Darren Hayman and The Long Parliament
The Lexington, Islington
29th August 2012
Late of one of John Peel‘s many, many favourite bands Hefner, Darren Hayman is now playing (and recording) with The Long Parliament. A couple of weeks ago they played a set in London showcasing, amongst other things, tracks from their soon to be released album The Violence. Louder Than War’s Willow Colios was lucky enough to have been in the audience & this is his review of the night.
Reeling from being pummeled half to death by stand-up comedy at Edinburgh Fringe, I am reminded tonight of the regular hilarity that occurs at a Darren Hayman gig.
âThe first song is for any teachers in the audience. I understand for some of you it’s been a tough summerâÂ … “I’m deadly seriousâÂ He continues after rounds of laughter from the crowd before beginning the set with âArt and DesignâÂ.
Now there was an era when old stand-up comedians attempted to sing a bit to pad out their set. Darren doesn’t need to do the reverse with his hefty back catalogue to pick from, but the anecdotes and knowing exchanges with the crowd make every show something of a joy. And it’s quickly apparent that The Long Parliament are the best ensemble Darren has ever been backed by. The second song is a much loved Hefner track, \’The Hymn for the Postal Service’ (see below) and it’s never sounded so good as with Dan Mayfield’s violin and Emma Winston’s keys on it tonight.
A versatile unit, The Long Parliament can really shift from delicate to rocking in an instant. And we even get some delectable five part harmonies. This is the group with which Darren has recorded a new double album, The Violence, about the 17th Century Essex Witch Trials – on the way in November. “It’s about how all of us at our worst cast aside outsidersâÂ says Darren. âI’m trying not to say that bit that Yoda says in Phantom Menace “Fear leads to hate and hate leads to the dark side”, but it seems apt.âÂ
There follows a song about Elizabeth Clarke , the first of woman to be hung as a witch in the Essex. The soft, folky verses are reminiscent of Gorkys Zygotic Mynci at their most tender and the choruses drift and swirl with a sweet summary melancholy. As with all of Darren Hayman’s songwriting, there is a warm heart at the centre of the song both in the theme and melody.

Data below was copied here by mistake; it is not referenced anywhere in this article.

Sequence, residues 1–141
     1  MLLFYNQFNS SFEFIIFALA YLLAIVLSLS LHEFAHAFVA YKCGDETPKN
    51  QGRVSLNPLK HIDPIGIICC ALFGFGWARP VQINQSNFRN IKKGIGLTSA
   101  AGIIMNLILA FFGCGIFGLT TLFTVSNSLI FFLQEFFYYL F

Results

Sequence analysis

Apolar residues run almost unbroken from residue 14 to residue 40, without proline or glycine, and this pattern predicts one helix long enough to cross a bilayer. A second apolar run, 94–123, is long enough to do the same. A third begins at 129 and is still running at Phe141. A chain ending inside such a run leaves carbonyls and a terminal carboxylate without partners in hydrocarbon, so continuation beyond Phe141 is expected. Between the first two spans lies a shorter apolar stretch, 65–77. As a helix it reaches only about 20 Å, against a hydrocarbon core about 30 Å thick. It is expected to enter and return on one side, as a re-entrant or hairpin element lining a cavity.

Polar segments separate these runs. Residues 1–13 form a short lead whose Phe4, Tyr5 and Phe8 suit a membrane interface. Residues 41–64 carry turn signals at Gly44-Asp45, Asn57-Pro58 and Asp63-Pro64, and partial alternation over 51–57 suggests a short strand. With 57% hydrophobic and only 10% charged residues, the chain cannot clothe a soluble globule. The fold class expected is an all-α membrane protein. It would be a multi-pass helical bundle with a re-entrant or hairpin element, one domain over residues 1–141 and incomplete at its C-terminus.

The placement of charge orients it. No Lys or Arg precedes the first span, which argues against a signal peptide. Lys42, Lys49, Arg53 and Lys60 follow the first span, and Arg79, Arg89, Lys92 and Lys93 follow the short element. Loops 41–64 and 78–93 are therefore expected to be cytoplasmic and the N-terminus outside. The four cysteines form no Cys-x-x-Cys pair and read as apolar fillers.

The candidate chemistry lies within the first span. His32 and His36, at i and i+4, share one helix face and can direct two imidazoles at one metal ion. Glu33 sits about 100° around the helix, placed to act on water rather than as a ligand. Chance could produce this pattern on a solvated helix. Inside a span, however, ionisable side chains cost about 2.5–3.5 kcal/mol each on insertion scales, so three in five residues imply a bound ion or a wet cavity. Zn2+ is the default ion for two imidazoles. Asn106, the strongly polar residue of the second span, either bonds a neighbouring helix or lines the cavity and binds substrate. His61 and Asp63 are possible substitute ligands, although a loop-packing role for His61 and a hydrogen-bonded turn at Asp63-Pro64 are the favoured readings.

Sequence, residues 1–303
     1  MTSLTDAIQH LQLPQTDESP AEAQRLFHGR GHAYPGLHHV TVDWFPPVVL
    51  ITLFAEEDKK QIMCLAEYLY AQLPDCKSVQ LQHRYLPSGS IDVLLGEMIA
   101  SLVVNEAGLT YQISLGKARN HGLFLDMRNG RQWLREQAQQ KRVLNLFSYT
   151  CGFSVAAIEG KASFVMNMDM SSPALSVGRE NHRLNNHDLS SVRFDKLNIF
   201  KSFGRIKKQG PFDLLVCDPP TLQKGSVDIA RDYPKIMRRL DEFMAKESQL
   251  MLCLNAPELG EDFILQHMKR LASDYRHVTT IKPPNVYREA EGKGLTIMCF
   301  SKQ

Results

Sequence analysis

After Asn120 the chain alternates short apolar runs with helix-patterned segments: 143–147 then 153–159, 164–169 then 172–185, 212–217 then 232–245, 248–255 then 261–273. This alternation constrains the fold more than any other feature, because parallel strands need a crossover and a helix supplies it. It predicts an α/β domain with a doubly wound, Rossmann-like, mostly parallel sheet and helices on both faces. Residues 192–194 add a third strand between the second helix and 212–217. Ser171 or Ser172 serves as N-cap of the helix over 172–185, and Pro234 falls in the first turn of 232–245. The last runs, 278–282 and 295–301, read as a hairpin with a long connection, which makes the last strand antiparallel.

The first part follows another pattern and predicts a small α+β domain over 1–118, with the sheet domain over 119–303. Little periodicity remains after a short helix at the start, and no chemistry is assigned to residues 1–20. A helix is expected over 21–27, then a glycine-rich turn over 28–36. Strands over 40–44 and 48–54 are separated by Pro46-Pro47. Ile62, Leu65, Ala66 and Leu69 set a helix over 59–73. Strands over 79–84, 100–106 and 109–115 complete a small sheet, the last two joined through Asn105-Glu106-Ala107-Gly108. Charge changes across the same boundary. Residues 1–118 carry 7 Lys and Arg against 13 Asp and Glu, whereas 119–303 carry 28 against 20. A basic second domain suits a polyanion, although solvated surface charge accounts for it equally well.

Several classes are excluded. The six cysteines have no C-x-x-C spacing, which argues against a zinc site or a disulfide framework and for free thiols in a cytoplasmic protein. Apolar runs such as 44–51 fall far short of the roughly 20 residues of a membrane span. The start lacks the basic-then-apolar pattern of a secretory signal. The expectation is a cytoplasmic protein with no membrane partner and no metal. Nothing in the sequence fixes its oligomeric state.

The sellout crowd at The Lexington enjoy the banter between Darren and the band and even get involved themselves. Several songs get the first few rows dancing and there are sing-a-longs for older material including a return to the theme of witches with Hefner classic The Sad Witch, later in the set. We even get some instrumental tracks from new album \’Lido’ a record of songs about British open air swimming pools. âCan instrumentals be about something?âÂ Darren asks us. He thinks they can and all you need to do is close your eyes and listen to this record to be taken to lazy afternoons in old England, looking out over shimmering water in summers long forgotten.
Plowing his own unique furrow in British music, Darren is one of the most prolific modern songwriters, perhaps one of our greatest. Like a less cryptic Robert Pollard or an Essex Ray Davies, he’s a 20th Century Man but his best work didn’t end there. If producing works of art is all we are good for, Darren Hayman continues to do very well indeed.
The Lido Exhibition featuring artwork to accompany the Lido LP is at Rough Trade East until Sun 16th September.
Darren Hayman plays The Kentish Town Bull and Gate on Sat 22nd September The Violence is released on November 5th.